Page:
I got to Nara. Nara mesmerised me, and so I stayed there for 4 nights. In the first evening, I came out for a walk after dark. It was a breathtaking sight to find the ally lined with red lanterns, with black Japanese characters painted on them. There were eating shops of all sorts, also calligraphy shops selling chinese brushes and inks. I liked shops and shopping for once in my life. Nara taught me shopping and eating. I walked on, up a little slope and oh wow I found a lake surrounded by brightly lit lanterns! Next day, I took a slow walk to Nara Park... and voila... I spotted my first deer! I stood there in awe, venerating my first deer. Later, I walked on, and found lots and lots of them -- some young and tender baby deer occasionally leaping in crisp staccato. Next day, I walked deeper into Nara Park. I found a huge tree on a slightly raised platform of soil, kept intact by a circle of marble pieces. There, under the tree, a deer stood motionless on the raised platform, posting for photography. I approached the deer slowly and quietly sat by him, close enough for comfort but distanced enough to respect his privacy. Tourists came and went, snapping photos and teasing the deer - the deer didn't move away; neither did I. Both of us sat there quietly, side by side, through 12 decades of rosary!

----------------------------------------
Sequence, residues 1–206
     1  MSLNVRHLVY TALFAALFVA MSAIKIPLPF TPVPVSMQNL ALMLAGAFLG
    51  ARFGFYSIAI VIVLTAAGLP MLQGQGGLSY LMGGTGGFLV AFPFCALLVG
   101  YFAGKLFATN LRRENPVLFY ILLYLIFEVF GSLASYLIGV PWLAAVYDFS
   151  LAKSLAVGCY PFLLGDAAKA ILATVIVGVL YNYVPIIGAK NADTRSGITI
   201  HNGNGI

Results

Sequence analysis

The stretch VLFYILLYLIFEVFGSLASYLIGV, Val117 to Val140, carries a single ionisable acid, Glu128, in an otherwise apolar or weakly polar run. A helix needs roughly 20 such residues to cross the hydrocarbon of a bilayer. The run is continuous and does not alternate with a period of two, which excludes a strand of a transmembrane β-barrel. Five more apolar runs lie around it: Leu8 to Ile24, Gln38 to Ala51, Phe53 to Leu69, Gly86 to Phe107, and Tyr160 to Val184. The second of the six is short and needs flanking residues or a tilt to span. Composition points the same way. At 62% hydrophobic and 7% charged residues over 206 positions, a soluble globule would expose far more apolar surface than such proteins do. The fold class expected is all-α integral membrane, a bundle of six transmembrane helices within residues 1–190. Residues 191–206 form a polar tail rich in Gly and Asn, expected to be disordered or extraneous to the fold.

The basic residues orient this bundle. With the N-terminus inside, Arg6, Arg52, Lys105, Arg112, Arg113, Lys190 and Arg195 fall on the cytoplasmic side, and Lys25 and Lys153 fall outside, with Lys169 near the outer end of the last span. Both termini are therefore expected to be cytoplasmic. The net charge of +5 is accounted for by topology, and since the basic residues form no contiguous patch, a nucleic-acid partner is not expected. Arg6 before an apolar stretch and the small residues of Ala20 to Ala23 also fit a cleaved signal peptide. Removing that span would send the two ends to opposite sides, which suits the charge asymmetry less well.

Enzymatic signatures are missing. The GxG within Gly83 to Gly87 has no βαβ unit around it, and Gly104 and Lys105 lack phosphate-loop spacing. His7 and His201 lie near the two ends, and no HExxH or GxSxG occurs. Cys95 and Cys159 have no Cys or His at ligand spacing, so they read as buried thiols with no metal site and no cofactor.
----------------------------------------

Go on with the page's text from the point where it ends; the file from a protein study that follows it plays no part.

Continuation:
I also went on the Nara trail connecting the various temples. Didn't meet a single soul; didn't find it much of a 'hiking' trail either.

I made a day-trip to Hiroshima. Got off the train, navigated the underpass and came out to the broad daylight of Hiroshima. I instantly realised that I had underestimated the size of Hiroshima, and that the memorial site was unlikely to be nearby. But then I had already passed the tourist information centre. I decided to:

I went by the rough direction I figured out from the poster map in the station, and walked on and on. Along the way I saw no tourist. Instead, I walked pass an area of car-repair shops! Ok, that confirmed that I was either in the wrong direction, or the memorial site was not within walking distance. I decided to rule out the former and walked on. After almost 2 hours' walk, hurray, signs to the monument began to appear. So I did get to the destination without a copy of the map! As soon as I reached the site, tour coaches and flocks of tourists appeared! I went straight to the information desk to ask about the public transport for getting back to the station. The lady was extremely helpful, took a copy of the map and circled all over it to show where I should wait for the bus... but that was the piece of printed material I first set out to save!